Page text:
Airline bets its in-flight food is good enough to open a fast-food restaurant

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Usually when we’re writing about airplane food, it’s something akin to “nuts can kill people!” or “don’t drink the ice water!” Only on very rare occasions are such stories appetizing. One such example: “Hurrah, stroopwafels are back!” Another: this one.

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Skift reports that AirAsia’s confidence in its in-flight menu is so high, the Malaysia-based airline intends to open a fast-food restaurant on terra firma. That report stems from an appearance that Tony Fernandes, Air Asia Group’s CEO, made on Larry King Now on Friday. (Yes, the 85-year-old broadcaster still has a talk show on the obscure digital channel Ora TV.)

“Our food is fantastic. We believe in it so much that we’re going to start a fast-food restaurant out of it. It’s called Santan,” he said.

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Skift suggests the first location is likely to be in its homebase Malaysia. Santan, which is also the name of the inflight menu, means “coconut milk” in Malay.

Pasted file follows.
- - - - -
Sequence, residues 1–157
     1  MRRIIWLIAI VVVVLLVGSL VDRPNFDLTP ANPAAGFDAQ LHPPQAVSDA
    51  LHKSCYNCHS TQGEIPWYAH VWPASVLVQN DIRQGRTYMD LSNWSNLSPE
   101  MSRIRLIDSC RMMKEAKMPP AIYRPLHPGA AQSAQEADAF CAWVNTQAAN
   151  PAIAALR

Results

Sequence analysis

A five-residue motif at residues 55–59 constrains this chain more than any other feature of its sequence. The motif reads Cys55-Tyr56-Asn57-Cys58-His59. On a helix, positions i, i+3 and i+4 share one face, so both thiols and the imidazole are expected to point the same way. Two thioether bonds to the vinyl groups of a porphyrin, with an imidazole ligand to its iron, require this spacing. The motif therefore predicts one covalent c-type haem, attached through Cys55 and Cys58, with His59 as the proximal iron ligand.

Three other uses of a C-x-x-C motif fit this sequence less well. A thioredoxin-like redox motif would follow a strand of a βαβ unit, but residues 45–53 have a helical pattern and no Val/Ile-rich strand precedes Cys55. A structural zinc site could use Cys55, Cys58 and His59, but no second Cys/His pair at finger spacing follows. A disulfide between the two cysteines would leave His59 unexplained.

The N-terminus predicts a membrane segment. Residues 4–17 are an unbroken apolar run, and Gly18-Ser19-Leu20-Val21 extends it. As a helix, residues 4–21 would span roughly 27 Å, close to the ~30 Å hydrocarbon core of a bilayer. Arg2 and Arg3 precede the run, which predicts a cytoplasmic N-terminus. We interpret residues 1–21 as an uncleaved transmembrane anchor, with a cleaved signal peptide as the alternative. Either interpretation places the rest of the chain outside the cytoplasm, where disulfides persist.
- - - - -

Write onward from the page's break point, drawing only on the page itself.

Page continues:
Skift reached out to AirAsia about the opening and didn’t get much, other than a vague, “We will be making an announcement soon.”

Honestly, this stuff sounds good. You can ask anyone who’s flown on an Asian airline, especially on a transoceanic flight—the food has a fairly decent reputation. Skift describes the menu as “one of, if not the most, extensive on-board menus featuring comfort food that is to regional passengers what pasta is to Italians.” Dishes include Golden Butter Chicken With Rice, which comes with five pineapple tarts; Pumpkin Kootu And Vegetable Jalfrezi; Spiral Pasta With Chicken Sausage; and more. They even do a Farm-To-Air menu.

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For the record, if they sold Southwest’s “Plane Crackers” (which are just plain crackers, get it?) in stores, I would probably snap those right up, too. They’re cute.

Contributor, The A.V. Club and The Takeout. Allison loves television, bourbon, and dramatically overanalyzing social interactions.

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DISCUSSION

PalestinianChicken

Looking at the menu and Fernandes’s irrational self-confidence about it, there’s a reason why I sometimes request Indian vegetarian meals on transoceanic flights: curry (or any strong, flavorful sauce) over rice is usually a pretty safe bet.

The strong flavors still come through despite the dehydrated air, and the sauce-rice combo means it’s relatively easy and direct to polish off. I don’t know why more US airlines don’t offer a curry option. Butter chicken on the way over and saag paneer on the way back will help me forget how much I hate United, if only for 40 minutes total.